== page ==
People involved at OAB: Bonifazi, Bragaglia, Tosi.
Open clusters (OC's) are excellent tools to understand the evolution of the disk of our Galaxy from both the chemical and structural points of view. Many of the existing chemical evolution models are able to reproduce well the present-day situation, but differ significantly in the ``history" of the chemical enrichment (hence in the involved processes). In particular, they differ in the predictions for the evolution of the abundance gradients: does the gradient slope steepen or flatten with time? From the OC's we can extract fundamental information, since they can be used to describe the run of the various elemental abundances at different ages.
In order to study in more detail the metallicity and age distribution with galactocentric distance, we are analyzing with great accuracy a large sample of open clusters (our goal is to have at least 30 OC's) at various Galactic locations and covering a wide range in age and metallicity. Age, distance modulus, reddening and approximate metallicity of the clusters are derived from their Color-Magnitude Diagrams (CMDs) using the synthetic CMD technique, developed by Tosi at the OAB, and further constrained by the observed luminosity functions. Precise and homogeneous elemental abundances are determined from high resolution spectroscopy.
During 2003, we have published our findings on Cr 110 (Bragaglia & Tosi 2003), completed the interpretation of NGC 6939 in terms of evolutionary parameters (Andreuzzi et al. 2004) and proceeded in that of Be 29 (Tosi et al., submitted in 2004).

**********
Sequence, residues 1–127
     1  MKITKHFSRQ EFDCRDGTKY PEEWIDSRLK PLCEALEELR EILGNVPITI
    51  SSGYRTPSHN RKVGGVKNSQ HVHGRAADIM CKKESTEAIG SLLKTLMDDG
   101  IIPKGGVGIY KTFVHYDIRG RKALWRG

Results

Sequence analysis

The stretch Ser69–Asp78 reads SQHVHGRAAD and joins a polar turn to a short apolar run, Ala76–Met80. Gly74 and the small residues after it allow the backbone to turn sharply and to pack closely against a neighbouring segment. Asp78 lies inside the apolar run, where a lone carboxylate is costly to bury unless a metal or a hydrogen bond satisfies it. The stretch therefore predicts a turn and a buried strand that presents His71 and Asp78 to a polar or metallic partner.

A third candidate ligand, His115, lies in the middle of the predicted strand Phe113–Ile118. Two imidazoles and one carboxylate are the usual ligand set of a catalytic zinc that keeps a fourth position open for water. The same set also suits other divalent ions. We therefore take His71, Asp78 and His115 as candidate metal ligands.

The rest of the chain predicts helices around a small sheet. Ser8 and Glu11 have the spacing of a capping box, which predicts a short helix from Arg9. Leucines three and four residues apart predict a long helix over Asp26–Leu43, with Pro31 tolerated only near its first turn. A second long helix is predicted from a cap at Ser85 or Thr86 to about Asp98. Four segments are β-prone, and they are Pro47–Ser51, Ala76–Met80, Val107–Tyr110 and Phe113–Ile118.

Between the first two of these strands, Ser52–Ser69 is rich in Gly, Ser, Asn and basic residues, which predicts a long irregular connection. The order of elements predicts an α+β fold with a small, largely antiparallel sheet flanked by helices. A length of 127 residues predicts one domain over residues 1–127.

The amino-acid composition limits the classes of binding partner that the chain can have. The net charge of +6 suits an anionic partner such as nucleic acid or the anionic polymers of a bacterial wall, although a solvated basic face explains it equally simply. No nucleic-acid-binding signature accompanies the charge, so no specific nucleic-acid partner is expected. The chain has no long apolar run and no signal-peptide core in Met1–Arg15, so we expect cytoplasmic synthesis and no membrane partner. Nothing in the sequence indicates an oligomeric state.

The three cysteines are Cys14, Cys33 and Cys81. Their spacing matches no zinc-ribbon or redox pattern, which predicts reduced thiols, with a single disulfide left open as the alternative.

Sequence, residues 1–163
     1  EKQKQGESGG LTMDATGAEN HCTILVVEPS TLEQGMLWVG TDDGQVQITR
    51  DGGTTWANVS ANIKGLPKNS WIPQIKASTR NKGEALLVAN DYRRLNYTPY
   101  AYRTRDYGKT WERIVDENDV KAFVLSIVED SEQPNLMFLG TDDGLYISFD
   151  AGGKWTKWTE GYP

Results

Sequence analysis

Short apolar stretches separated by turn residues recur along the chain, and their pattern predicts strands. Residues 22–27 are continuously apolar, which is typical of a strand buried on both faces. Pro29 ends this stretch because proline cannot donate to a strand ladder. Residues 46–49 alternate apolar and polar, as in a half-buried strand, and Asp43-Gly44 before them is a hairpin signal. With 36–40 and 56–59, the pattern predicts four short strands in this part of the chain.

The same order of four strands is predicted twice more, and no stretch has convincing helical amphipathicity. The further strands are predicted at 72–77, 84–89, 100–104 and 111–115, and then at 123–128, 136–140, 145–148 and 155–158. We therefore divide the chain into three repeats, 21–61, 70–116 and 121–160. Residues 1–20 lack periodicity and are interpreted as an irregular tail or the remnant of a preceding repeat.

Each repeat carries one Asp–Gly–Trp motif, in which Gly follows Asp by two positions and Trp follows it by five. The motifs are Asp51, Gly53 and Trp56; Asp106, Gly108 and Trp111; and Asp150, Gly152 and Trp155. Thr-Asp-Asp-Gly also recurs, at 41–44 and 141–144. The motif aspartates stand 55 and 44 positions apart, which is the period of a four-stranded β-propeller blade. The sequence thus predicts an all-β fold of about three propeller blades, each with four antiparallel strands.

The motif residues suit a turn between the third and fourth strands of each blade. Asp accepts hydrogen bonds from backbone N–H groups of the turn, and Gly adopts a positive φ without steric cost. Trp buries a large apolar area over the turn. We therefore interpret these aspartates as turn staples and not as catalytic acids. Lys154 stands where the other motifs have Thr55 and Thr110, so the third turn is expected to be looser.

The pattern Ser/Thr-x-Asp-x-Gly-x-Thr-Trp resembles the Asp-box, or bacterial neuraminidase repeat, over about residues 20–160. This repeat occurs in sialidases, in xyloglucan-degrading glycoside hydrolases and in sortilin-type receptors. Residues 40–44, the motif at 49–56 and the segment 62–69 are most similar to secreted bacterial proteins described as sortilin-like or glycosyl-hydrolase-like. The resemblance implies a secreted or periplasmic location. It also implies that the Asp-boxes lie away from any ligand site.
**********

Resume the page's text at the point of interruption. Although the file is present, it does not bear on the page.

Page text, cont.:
Up to now only about 25 % of the old OC's have ever been studied with high resolution spectroscopy, and only a handful have abundances of elements other than iron. To widen the sample, we have obtained high-res spectra of red clump stars in a dozen of OC's, with FEROS@1.5m ESO, SARG@TNG, and UVES@VLT. Three clusters have been analyzed and published (NGC 2506, NGC 6134, IC 4651; Carretta et al. 2004). Furthermore, FLAMES@VLT GTO observations have been completed (3 nights, PI Pallavicini, OAPa) for three more old clusters (Cr 261, Mel 66, and NGC 2506), and a proposal to observe 10 more open clusters has been approved, also on FLAMES@VLT (in collaboration with S. Randich et al.).
Finally, medium resolution spectra for 20 stars in Be 29 have been obtained with MOS@TNG, and membership based on radial velocity has been determined (Bragaglia, Held & Tosi 2004).
This research is in collaboration with Carretta, Gratton, Held (INAF-Padova Obs.), Marconi and Andreuzzi (INAF-Roma Obs.), Randich (INAF-Arcetri Obs.), Carraro (Padova Univ.) and Pallavicini (INAF-Palermo Obs.).